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How can I build up enough to support early retirement?

When this investor retires she would like to draw £20,000-£30,000 per year from her assets
How can I build up enough to support early retirement?
  • This investor may have to retire early for health reasons
  • She wants to be able to draw £20,000-£30,000 per year from her assets to supplement her partner's salary
  • To help build up enough assets she should pay enough into her pension to get the maximum contribution possible from her employer
Reader Portfolio
Claire 42
Description

Pensions, Isa invested in funds and shares, cash, residential property.

Objectives

Build up assets to help finance early retirement and generate an income of £20,000 to £30,000 per year, get best return possible on money for house deposit, buy new home, build savings for nieces.

Portfolio type
Investing for goals

Claire is age 42 and earns £75,000 per year. Her partner earns £40,900 per year which will increase to £44,000 in January. Claire is selling their home, and this should result in proceeds of £170,000 which they plan to use as a deposit to buy a new home. They also have a rental property worth about £330,000 with a mortgage of £155,041.

“I hope to continue working for another 20 years but may have to retire early due to health reasons,” says Claire. “So I want to make sure that we have enough money to pay the mortgage and bills, and support me and my partner. We might otherwise only have her salary and she is considering a career change.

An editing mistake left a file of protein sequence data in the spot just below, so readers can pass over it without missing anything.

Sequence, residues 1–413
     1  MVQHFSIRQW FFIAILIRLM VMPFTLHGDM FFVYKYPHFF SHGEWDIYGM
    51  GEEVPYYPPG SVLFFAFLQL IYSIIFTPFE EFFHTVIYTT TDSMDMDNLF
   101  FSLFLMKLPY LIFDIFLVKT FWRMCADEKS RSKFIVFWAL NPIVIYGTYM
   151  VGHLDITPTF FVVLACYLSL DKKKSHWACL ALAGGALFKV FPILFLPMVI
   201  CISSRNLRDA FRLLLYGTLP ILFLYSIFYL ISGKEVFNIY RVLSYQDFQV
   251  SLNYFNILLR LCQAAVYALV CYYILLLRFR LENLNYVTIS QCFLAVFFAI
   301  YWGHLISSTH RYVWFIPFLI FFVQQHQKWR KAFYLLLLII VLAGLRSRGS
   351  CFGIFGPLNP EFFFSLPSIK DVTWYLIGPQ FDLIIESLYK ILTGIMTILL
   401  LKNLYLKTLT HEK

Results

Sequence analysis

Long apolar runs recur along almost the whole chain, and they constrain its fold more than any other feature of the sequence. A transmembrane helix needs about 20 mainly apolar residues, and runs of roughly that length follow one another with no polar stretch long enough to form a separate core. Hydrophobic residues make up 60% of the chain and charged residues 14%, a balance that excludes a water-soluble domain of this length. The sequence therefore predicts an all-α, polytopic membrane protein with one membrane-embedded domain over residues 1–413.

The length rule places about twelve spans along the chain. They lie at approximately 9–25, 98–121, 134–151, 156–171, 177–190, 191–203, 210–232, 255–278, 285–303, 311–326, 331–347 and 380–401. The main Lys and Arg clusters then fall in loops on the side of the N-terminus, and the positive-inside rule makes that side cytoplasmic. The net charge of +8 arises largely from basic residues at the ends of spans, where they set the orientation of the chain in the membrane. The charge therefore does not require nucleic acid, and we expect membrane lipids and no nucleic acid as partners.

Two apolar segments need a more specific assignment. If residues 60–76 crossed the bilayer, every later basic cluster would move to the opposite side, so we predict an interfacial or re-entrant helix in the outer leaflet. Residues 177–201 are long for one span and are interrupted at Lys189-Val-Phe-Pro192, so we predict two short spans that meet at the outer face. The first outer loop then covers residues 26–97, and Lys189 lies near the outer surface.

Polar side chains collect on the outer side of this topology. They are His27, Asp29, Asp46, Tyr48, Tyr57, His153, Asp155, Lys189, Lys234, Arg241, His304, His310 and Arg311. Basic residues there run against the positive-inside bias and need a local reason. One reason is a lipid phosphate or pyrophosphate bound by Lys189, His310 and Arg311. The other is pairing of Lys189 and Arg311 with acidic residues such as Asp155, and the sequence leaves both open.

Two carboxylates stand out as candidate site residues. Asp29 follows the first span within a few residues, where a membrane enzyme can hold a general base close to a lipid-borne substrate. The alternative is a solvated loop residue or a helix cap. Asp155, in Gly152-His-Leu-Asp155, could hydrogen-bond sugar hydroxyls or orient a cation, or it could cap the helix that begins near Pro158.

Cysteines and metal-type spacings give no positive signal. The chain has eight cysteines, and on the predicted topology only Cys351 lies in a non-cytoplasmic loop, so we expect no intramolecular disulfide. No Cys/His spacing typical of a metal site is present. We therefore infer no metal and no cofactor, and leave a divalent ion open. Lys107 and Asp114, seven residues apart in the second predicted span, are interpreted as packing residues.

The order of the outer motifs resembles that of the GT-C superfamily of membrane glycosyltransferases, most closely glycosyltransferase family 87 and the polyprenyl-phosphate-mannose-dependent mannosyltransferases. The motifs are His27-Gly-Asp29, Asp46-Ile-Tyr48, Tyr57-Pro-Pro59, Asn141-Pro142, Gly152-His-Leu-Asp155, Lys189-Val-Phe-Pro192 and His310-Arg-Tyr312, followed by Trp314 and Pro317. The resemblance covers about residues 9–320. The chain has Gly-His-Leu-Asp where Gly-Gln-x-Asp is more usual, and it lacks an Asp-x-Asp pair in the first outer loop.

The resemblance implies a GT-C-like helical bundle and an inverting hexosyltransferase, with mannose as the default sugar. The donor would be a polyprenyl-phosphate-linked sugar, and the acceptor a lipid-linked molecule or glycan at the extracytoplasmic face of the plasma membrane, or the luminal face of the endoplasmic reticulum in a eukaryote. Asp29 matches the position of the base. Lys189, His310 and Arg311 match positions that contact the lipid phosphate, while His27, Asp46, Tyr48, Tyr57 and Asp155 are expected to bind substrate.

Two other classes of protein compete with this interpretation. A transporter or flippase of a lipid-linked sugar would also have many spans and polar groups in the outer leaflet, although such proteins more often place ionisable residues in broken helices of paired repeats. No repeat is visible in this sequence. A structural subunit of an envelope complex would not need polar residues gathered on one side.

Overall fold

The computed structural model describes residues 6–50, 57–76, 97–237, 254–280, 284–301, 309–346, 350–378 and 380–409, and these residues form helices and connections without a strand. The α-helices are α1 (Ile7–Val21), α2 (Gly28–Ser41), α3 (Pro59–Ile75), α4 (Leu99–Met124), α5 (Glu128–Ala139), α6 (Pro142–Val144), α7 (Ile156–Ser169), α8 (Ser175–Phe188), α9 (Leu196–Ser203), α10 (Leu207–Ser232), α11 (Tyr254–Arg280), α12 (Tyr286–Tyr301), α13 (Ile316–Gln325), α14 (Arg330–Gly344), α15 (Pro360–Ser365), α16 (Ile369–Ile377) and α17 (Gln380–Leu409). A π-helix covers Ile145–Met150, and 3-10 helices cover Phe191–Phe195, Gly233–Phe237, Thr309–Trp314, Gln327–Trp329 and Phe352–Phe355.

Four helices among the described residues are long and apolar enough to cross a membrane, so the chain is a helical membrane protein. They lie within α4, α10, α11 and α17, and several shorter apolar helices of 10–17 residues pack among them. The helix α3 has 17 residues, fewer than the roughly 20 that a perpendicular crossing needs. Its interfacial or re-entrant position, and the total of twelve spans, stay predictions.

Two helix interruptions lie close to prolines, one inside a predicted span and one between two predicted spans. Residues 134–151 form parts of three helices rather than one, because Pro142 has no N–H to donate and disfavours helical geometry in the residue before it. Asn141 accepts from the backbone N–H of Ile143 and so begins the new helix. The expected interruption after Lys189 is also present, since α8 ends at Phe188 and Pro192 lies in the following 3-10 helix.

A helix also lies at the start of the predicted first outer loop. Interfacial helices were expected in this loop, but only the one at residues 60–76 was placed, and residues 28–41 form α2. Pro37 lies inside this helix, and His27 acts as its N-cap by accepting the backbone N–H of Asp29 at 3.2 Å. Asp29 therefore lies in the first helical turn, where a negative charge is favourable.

"I plan to draw from my individual savings account (Isa) to ensure that we achieve a good income when I retire. I hope to be able to get £20,000 to £30,000 a year from my assets if I can keep saving enough into my Isa. I aim to put at least £10,000 into it every year and, ideally, the full annual allowance if I can afford to.

"I have recently started paying 4 per cent a year into a workplace pension, and have three former workplace pensions worth £3,935, £8,556 and £31,079. I think they are defined contribution schemes.

"I have no cash savings other than about £18,000 in my investment Isa. I put all my cash into my Isa at the start of April but should have some in my current account again when my house sale goes through. I wondered how I should put this lump sum until we use it to buy a house, probably in two years. It will not get a good rate of interest in my current account.

"I have been investing for about 15 years and hold investment trusts with lower yields, and direct shareholdings with higher yields which I thought would do well or provide good dividends.

"I try to spread my assets across a variety of investments and tend not to have more than £5,000 in any one investment, unless I consider it to be a ‘solid’ fund. I am fairly cautious about investing sums of more than £1,000. I have put stop-losses (an order to buy or sell a specific stock when it reaches a certain price) of around 15 per cent below the highest value of investments that have not fallen below what I paid for them. I check the stop-losses once a month and move them up, if necessary, to have a trailing stop-loss.

"I top up investments that do well. If anything falls below the price I paid for it I tend to hold on and hope that it will recoup the losses. Or I sell after the security has at least paid dividends worth the difference between what I paid for it and the value it has fallen to. I am not trading much at the moment because it is uncertain what is going to happen. But I did invest in Murray Income Trust (MUT) in early May – my only trade in a year.

 

 

Claire's total portfolio
HoldingValue (£)% of the portfolio
Buy-to-let property minus mortgage17,495940.84
Former workplace pensions43,57010.17
Nedbank (SA:NED) 25,9476.06
Scottish Mortgage Investment Trust (SMT)23,2315.42
Cash18,3314.28
Personal Assets Trust (PNL)14,0403.28